Groups Challenge FDA on Nanotechnology Risks Consumers and Environmentalists Warn of Risks from Current Uses of Unregulated Nanomaterials at First-Ever Agency Hearing
Posted Oct. 30, 2008 / Posted by: admin
FOR IMMEDIATE RELEASE: October 10, 2006
WASHINGTON, D.C. – Today, Friends of the Earth (FoE) and the International Center for Technology Assessment (CTA) challenged the FDA to protect consumers from products laced with nanoparticles. Consumer products that currently contain unregulated nanoparticles, including sunscreens and cosmetics used by children and adults could pose new dangers to human health and the environment. The challenge comes as FDA holds its first-ever hearing on nanotechnology.
“With hundreds of nano-laced products already on the market, this meeting is dangerously overdue,” said George Kimbrell, CTA staff attorney. “For any credibility, this hearing must cut through the industry’s hype and focus on the real health and environmental risks of nanotechnology.” This past May CTA and FoE led a broad coalition of consumer, health, and environmental groups in filing the first-ever legal petition challenging FDA’s failure to address the human health and environmental risks of nanomaterials in consumer products. The petition also calls on FDA to require labeling of products containing nanomaterials, as consumers currently have no way to know which products might contain the untested ingredients. The FDA has not answered the petition.
“FDA has been sleeping at the wheel, while hundreds of sunscreen and cosmetics products have been placed on store shelves without adequate regulations and safety testing,” stated Erich Pica, FoE’s Domestic Campaigns Director. “This is one of the most dramatic failures of regulation since asbestos.” In his comments, Mr. Pica highlighted FoE’s 2006 report, Nanomaterials, Sunscreens and Cosmetics: Small Ingredients, Big Risks, which lists several hundred cosmetics, sunscreens, and personal care products containing engineered nanomaterials now on market shelves.
In addition, the groups noted that FDA had so far received several thousand public comments critical of the agency’s inaction and concerned about the health and environmental risks of nanomaterials in consumer products. “The public has the right to know whether the products they buy contain nanomaterials and whether the FDA has put in place regulations to assure the safety of products containing nanoparticles,” noted Jaydee Hanson, CTA Policy Director. “To date, the FDA has failed to develop a regulatory process that assures the safety of these materials or even informs consumers by requiring labeling. The time for action is now.”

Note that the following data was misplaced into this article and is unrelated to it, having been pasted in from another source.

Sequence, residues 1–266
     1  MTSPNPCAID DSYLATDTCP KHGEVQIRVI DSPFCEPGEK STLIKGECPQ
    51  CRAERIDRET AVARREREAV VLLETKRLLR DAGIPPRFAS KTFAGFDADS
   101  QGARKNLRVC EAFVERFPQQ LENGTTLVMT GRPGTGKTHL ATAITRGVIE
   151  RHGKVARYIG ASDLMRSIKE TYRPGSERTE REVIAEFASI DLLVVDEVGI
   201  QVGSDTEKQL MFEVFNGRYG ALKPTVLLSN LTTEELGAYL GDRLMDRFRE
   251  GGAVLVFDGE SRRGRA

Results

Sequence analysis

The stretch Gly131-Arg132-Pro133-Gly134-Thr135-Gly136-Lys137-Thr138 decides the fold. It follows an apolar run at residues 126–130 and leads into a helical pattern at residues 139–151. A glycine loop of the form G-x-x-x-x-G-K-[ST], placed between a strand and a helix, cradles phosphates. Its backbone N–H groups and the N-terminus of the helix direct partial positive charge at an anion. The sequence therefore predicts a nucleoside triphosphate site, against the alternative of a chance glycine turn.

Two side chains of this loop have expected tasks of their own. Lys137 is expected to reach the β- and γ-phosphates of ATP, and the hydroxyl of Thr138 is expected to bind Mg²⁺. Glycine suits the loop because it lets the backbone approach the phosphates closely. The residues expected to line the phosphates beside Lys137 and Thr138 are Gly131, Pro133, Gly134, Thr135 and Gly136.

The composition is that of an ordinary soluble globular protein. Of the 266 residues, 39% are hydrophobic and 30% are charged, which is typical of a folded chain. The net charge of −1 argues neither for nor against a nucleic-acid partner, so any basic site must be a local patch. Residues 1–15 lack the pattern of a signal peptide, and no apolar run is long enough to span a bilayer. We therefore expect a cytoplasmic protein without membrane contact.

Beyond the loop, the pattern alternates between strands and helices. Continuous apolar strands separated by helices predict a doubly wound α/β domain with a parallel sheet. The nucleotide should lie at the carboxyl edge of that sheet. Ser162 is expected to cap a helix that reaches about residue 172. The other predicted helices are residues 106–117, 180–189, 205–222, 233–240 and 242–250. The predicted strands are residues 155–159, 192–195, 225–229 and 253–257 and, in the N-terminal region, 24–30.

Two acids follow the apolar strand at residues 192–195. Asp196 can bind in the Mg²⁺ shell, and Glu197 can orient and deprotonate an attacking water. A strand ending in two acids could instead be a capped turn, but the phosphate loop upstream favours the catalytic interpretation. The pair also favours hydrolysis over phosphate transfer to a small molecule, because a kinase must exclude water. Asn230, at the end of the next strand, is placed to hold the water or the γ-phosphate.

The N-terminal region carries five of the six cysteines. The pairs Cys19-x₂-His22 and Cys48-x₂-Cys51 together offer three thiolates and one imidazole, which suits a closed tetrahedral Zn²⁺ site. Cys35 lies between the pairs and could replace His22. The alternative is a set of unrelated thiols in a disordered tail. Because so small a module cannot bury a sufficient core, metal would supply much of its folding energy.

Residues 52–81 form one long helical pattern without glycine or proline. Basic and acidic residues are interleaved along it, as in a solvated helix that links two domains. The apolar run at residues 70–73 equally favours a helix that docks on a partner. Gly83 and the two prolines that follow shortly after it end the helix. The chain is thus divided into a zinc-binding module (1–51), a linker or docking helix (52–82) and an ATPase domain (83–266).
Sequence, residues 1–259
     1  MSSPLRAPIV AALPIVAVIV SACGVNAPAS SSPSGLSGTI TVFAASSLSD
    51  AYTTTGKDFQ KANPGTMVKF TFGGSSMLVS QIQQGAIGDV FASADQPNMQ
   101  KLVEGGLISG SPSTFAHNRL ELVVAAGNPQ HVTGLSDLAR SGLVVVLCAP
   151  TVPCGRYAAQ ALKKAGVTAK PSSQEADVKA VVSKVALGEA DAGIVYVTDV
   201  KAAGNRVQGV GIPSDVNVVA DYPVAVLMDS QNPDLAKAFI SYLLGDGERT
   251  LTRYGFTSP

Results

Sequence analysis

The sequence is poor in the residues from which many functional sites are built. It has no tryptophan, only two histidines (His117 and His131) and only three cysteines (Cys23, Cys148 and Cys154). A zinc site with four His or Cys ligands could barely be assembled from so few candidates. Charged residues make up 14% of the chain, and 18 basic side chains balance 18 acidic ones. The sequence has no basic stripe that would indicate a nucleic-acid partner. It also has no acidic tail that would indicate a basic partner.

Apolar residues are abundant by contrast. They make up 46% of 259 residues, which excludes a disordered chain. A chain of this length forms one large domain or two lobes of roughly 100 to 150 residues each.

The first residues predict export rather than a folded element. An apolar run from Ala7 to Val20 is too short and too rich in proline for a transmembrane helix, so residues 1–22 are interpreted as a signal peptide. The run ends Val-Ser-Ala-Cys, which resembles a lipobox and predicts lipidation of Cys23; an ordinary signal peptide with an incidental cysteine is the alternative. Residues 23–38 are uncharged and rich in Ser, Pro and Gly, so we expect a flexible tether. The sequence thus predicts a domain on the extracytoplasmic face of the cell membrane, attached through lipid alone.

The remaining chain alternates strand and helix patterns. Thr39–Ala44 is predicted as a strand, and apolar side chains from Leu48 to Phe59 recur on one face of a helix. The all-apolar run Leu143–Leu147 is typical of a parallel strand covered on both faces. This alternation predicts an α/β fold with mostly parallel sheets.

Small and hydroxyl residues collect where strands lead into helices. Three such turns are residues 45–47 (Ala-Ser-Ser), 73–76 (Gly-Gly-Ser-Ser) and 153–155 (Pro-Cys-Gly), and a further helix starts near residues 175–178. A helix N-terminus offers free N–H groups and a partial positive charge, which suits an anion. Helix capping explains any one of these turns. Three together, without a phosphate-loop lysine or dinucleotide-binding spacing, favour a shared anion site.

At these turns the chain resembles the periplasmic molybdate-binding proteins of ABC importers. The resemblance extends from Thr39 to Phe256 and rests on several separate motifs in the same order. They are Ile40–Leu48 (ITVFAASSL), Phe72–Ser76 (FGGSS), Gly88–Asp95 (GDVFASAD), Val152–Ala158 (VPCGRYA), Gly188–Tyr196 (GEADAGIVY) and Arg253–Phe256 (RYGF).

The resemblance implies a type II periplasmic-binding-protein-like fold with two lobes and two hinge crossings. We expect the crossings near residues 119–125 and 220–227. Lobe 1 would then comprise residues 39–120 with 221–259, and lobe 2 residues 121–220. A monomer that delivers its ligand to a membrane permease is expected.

For more information, please contact:
George Kimbrell, International Center for Technology Assessment, (202) 547-9359, firstname.lastname@example.org or Charles Margulis, International Center for Technology Assessment (West Coast Office), (510) 697-0615, CMargulis@icta.org
Erich Pica, Friends of the Earth, 202-222-0739, email@example.com.
Nanotechnology 101: Nanotechnology means the design or production of structures by controlling shape and size at the nanometer (nm) scale, or one billionth of a meter. But “nano” does not mean merely tiny; it is better understood to mean fundamentally different. Engineered nanoparticles can exhibit different fundamental chemical and physical properties than their bulk material counterparts. They have unique and unpredictable human health and environmental risks. For example, nanoparticles’ exceptionally large relative surface area creates increased surface reactivity and enhanced intrinsic toxicity. Their small size allows nanoparticles unprecedented mobility. Easily taken up by the human body, they cross biological membranes, cells, tissues, and organs more efficiently than larger particles. Once in the blood stream, nanomaterials circulate throughout the body and can be taken up by the organs and tissues including the brain, liver, heart, kidneys, spleen, bone marrow, and nervous system. Once inside cells, they can interfere with cell signaling, cause structural damage, and harmful damage to DNA.
Some Red Flags:
- 2006 study shows low concentrations of manufactured nanoparticles of titanium dioxide can produce harmful free radicals in brain cells and the potential for brain cell damage.
- 2005 study concludes engineered nanoparticles of aluminum oxide bioaccumulate and stunt the growth of roots in at least five species of plants: corn, cucumber, cabbage, carrot and soybeans.
- 2004 study shows fullerenes or buckyballs-- a type of manufactured nanoparticle used in some cosmetics -- cause rapid brain damage in fish and are toxic to small crustaceans.
- 2004 study discovers that cadmium selenide nanoparticles (quantum dots) can break down in the human body potentially causing cadmium poisoning
- 2003 study finds the effects of nanotubes on the lungs of rats produced more toxic response than quartz dust.
- 1997 study finds that engineered nanoparticles of zinc oxide and titanium dioxide used in nano-sunscreens can induce free radicals in skin cells and cause DNA damage
The legal petition calls for, among other things:
- nanomaterial-specific regulation
- new paradigms of nano-specific toxicity testing
- the classification of nanomaterials as new substances
- mandatory labeling
- compliance with the National Environmental Policy Act (NEPA).
Friends of the Earth is the U.S. voice of an influential, international network of grassroots groups in 70 countries. Founded in 1969 by David Brower, Friends of the Earth has for decades been at the forefront of high-profile efforts to create a more healthy, just world. Our members were the founders of what is now the world's largest federation of democratically elected environmental groups, Friends of the Earth International.
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